Later, she kept a diary on tape; we could hear her voice describing how on the day of the Kennedy assassination she heard three shots, and their Secret Service man vaulted over the front seat, landing on top of Johnson, and threw him to the floor, saying, “Get down.”

On leaving the presidency, Johnson said: “I know I have given it everything that was in me.” He devoted 30 years to public service. Lady Bird called their retirement time the “milk-and-honey years.”

On the fourth floor is a sample of 80 state gifts from the 1,400 given to Johnson from around the world. The museum is the only free one among presidential museums because LBJ made arrangements to cover the costs for visitors.

A reconstruction of LBJ’s Oval Office

Wednesday, March 21, 2012

Kennedy Assassination Museum


One of my clearest memories is from November 22, 1963, walking up the steps of Parker Hall with a friend when Bob Callis came down the steps to tell us that President John Kennedy had just been shot.   Many old timers will probably be able to tell you where they were when they heard the news of the assassination.  The Sixth Floor Museum at Dealey Plaza in Dallas captures that moment of history along with the lead-in and the legacy. 

            Photographs, radio comments and television clips retell in detail what happened. The story starts with Kennedy’s 1960 presidential campaign and finishes with comments on his legacy.   The admission fee to the museum includes an audio tour wand that I appreciated as it provided additional speeches by Kennedy and commentary by others. 

Visitors are introduced to the Kennedy White House, his programs and the brilliance of his speeches.  He was a very talented, charismatic president with great plans to change our relations with Russia, advance racial equality and get us to the moon.  Then came the trip to Dallas covered here in electrifying detail.  Films show us the start of his drive with the crowds lining the streets. 

Then we hear the shots and audio broadcast as the announcer realizes that something significant has happened.  We follow the story in the hospital room and then hear the announcement by an emotional Walter Cronkite that our president has died.  A movie shows the national and worldwide mourning and Lyndon Johnson taking the oath of office.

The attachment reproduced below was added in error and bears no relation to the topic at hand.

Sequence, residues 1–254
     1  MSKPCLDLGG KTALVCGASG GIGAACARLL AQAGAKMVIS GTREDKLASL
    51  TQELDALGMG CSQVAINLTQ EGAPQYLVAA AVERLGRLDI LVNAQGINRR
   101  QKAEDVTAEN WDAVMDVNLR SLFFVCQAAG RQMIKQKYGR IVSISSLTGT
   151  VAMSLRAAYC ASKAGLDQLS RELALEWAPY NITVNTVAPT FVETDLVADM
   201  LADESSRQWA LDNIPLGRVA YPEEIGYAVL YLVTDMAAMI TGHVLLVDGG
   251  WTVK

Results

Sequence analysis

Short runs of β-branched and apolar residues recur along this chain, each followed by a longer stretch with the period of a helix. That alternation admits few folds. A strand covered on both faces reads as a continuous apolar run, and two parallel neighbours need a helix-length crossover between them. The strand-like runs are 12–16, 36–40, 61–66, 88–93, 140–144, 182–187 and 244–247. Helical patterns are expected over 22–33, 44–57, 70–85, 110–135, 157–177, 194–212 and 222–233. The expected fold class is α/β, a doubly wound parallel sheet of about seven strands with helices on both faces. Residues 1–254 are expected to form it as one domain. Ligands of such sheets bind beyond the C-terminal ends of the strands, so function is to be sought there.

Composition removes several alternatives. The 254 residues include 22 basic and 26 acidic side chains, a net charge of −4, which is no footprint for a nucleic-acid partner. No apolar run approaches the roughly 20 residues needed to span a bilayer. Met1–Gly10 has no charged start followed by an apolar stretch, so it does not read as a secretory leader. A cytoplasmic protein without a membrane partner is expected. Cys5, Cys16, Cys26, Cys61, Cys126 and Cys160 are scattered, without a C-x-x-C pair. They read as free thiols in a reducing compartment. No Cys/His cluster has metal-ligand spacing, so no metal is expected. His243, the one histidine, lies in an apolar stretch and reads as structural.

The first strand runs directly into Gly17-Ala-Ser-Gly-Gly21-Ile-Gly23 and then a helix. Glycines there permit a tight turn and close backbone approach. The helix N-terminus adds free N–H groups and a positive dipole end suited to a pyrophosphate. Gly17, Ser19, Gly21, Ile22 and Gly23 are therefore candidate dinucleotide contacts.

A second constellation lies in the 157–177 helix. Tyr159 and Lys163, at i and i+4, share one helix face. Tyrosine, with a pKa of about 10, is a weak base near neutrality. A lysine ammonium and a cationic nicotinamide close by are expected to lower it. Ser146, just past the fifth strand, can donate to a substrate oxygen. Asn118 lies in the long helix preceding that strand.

The “sniper’s perch” has been re-created in the corner room on the sixth floor of this building, then called the Texas School Book Depository.   The suspect, Lee Harvey Oswald, was a clerk at the Depository.   We can see the wooden book boxes that he allegedly used as a rest for his rifle as he delivered the three shots that killed Kennedy and wounded Texas Governor John Connally.  From this room we could view the path of the motorcade when Kennedy was hit.    

Time is taken to thoroughly investigate the killing: weapons and various camera shots are shown and arguments are given as to whether there was a conspiracy or only a single shooter.  The first report says a single, another says a second shooter.  A final movie has Walter Cronkite as the narrator talking about Kennedy’s legacy and the tributes to him from around the world

On the seventh floor a display on Jack Ruby gives his background as a local nightclub operator and some guesses as to the reasons he shot Oswald.  A film, Jack Ruby: The Man in That Hat, shows a hat in slow motion, less than 48 hours after the assassination, moving toward Oswald, and then we hear the shots and see the action as Ruby is subdued.  This display is called a collections spotlight; museum personnel plan to take materials from their archives for special exhibits of which this is the first.

 A historical marker, a red X on Houston Street, indicates the spot where Kennedy was hit.  Some people stand on the spot to have their pictures taken (but given the moving traffic this is not recommended).  However, the crowds indicate that with modern technology this museum is excelling in reminding us dramatically of an important moment in history.  

SixthFloor Museum at Dealey Plaza in Dallas